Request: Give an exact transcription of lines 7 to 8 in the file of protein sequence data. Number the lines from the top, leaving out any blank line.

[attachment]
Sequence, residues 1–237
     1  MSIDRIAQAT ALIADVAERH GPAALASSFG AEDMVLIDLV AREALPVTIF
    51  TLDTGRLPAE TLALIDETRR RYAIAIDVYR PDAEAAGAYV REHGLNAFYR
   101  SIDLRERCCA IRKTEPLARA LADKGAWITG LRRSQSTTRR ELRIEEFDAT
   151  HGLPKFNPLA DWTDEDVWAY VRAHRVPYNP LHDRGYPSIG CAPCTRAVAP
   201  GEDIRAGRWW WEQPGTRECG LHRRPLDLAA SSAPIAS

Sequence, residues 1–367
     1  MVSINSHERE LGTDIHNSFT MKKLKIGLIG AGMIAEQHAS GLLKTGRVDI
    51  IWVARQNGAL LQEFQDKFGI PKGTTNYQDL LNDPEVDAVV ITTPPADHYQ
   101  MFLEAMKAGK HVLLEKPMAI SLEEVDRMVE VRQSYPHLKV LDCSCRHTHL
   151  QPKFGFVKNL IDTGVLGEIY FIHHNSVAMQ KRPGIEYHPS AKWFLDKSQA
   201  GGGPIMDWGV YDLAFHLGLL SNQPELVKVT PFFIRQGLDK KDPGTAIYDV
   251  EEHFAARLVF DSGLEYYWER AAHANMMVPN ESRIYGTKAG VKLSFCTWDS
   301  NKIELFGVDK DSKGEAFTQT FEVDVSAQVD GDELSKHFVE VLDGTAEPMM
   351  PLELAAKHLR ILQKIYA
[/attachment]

Sequence, residues 1–367
     1  MVSINSHERE LGTDIHNSFT MKKLKIGLIG AGMIAEQHAS GLLKTGRVDI